by Thomas Elliott

As today represents a month since my return to South Africa, it’s time to take stock of what I’ve done so far.

A string of days in the office followed my excursions into the field to fix our weather stations and to continue setting out our community resource harvesting plots, and my official first task was a rather boring but important one. Cleaning data consists of taking the raw data that comes from the field in the form of databases or spreadsheets and standardizing entries or correcting errors. In this case, field workers had gone to 600 households in the community for five years and had asked them about their natural resource use. The names of trees, medicinal plants, bushmeat, and other species were entered in Shangaan, the local language. My job was to go through all of these entries, thousands of them, and correct for spelling, caps lock, commas, etc.

Yes, in some ways it was a loooong week, but this is a necessary step before data analysis can begin, so it had to get done.

Last week I followed some public health field workers as they completed household questionnaires. First. I’m shadowed a Swa Ku Teka field work team as they went about their work. (Swa Ku Teka is a UNC Public Health study that is testing an intervention where high school aged young women and their primary guardians are given a sum of money if they have a school attendance of at least 80%. The idea is to see if this has a noticeable effect on HIV/AIDS incidence over the course of 3-4 years.) The next day I travelled with HAALSI fieldworkers. HAALSI is another study going on here that focuses on aging. In the latter study, interviews were very long: We had rather easy-going participants that day so they only lasted three hours, but if one is unlucky, they can easily reach four to five hours, which brings up moral questions about subjecting people (especially the elderly) to such long surveys.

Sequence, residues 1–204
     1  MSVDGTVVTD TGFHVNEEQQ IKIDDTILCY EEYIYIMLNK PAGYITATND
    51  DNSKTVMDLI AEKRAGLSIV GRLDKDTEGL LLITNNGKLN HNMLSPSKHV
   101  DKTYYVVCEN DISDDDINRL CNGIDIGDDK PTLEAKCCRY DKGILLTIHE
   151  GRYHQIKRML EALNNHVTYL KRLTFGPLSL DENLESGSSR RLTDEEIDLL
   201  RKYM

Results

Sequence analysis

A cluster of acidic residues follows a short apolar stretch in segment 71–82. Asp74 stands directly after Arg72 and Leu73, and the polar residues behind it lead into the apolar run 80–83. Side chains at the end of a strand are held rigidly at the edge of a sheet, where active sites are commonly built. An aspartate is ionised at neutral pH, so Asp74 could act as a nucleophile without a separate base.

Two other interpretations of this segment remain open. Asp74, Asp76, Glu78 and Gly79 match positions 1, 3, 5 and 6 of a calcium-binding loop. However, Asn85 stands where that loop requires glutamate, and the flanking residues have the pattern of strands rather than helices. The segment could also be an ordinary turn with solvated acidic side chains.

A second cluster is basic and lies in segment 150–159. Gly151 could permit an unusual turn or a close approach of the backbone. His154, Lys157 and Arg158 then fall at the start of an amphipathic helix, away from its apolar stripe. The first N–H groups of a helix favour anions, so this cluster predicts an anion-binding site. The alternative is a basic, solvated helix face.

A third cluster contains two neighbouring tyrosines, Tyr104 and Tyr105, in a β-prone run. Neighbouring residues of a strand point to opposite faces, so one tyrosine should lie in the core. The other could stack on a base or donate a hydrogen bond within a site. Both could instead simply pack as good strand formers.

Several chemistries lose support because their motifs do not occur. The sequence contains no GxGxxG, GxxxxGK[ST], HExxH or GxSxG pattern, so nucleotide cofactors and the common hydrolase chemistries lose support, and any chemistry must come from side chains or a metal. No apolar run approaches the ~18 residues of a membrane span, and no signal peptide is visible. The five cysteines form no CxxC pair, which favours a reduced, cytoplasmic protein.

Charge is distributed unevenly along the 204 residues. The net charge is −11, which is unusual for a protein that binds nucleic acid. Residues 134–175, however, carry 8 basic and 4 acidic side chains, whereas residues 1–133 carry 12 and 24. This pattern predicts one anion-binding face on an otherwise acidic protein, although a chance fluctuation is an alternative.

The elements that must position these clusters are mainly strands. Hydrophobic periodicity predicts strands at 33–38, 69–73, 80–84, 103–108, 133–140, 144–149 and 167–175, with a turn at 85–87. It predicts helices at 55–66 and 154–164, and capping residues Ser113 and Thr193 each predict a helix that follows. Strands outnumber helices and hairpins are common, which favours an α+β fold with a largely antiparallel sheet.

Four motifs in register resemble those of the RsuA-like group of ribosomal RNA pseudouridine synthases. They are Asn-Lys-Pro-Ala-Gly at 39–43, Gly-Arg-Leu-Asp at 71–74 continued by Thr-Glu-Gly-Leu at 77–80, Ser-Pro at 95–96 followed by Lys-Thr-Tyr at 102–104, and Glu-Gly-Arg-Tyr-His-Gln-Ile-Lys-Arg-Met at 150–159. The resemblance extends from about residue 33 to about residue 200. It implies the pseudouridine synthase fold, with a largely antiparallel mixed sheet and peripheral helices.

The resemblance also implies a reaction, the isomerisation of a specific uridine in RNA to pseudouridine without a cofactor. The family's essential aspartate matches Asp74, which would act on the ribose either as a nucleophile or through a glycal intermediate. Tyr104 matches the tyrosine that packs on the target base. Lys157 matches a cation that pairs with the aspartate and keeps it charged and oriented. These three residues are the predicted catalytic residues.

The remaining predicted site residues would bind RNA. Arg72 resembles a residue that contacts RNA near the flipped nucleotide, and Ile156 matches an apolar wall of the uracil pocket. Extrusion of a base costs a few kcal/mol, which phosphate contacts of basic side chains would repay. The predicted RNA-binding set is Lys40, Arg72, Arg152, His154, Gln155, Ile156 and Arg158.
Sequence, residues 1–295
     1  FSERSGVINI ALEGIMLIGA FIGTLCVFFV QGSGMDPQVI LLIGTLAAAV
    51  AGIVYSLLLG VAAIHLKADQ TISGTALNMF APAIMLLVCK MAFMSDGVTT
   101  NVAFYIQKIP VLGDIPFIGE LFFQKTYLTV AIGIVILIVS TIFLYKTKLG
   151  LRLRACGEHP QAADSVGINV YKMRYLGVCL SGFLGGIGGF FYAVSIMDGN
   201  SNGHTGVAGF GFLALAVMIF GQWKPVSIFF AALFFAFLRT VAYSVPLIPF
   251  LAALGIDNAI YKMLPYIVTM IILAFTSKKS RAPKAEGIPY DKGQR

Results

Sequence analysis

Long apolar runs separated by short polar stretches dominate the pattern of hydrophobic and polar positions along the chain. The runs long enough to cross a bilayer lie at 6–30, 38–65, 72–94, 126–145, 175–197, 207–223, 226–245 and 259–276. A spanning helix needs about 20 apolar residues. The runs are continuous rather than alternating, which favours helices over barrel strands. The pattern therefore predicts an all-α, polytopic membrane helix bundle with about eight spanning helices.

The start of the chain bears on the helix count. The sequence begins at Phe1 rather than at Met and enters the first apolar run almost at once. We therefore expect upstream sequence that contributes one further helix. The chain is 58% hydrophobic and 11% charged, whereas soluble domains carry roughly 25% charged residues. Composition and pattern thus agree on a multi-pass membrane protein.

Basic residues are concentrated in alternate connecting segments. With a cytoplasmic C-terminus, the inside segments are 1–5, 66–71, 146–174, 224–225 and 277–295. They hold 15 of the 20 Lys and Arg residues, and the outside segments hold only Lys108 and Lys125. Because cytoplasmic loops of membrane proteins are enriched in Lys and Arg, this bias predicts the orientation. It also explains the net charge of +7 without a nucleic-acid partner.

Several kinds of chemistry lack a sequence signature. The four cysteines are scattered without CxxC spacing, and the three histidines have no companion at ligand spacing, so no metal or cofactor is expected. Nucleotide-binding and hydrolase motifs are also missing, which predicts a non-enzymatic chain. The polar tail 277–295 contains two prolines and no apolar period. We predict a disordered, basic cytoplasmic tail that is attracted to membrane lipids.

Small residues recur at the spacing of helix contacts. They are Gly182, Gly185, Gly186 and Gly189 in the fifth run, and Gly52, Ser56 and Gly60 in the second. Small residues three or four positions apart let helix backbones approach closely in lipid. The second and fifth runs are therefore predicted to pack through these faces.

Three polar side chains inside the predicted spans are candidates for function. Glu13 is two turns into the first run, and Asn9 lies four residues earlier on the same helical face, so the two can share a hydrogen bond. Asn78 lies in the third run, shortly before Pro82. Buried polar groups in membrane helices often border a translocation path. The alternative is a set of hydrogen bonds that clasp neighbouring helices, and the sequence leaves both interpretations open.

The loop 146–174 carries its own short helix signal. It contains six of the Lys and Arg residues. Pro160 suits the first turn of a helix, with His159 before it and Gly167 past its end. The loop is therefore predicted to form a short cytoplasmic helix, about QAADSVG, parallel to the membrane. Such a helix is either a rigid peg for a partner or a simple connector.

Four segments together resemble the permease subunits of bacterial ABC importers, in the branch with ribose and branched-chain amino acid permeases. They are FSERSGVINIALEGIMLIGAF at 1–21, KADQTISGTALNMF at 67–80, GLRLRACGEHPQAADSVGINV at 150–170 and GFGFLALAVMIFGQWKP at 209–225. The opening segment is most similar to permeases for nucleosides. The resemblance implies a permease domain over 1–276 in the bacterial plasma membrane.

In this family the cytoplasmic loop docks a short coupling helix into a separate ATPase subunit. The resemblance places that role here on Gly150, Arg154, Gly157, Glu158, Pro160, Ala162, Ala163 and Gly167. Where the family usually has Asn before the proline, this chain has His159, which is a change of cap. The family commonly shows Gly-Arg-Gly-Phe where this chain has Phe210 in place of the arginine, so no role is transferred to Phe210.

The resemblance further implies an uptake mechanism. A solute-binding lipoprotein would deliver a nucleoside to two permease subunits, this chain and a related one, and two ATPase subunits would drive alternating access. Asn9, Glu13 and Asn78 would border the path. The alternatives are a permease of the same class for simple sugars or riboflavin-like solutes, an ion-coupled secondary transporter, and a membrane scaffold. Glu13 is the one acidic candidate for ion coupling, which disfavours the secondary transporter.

My most recent projects have all been a bit closer to home. Early this week my program worked with a group of about 20 Sangomas, or traditional healers. SUNRAE (that’s us) along with Natural Justice, an NGO based in Cape Town, is working to help these healers gain access to medicinal plants and herbs in protected areas. Such efforts are necessary and highly appreciated because most of these valuable resources have been used up within the communal lands, endangering the livelihoods of the local traditional healers.

Over the past few years, SUNRAE has helped them to get organized, write protocols and codes of conduct, all of which make getting access to protected areas easier, especially in today’s worried climate caused by poaching. Natural Justice’s job in this is to provide legal counselling on constitutional and municipal law, as well as run theseminars.

On a personal level I found these Sangomas fascinating. At the beginning and end of every meeting there were at least four dances, and the conversation I had with some of them were very interesting. I was offered all sorts of Muthi (medicinal herbs) that would help me find a wife, have good luck and become rich, and become invisible to the police. I was most intrigued by the last option 😉


Training for police evasion. Just kidding.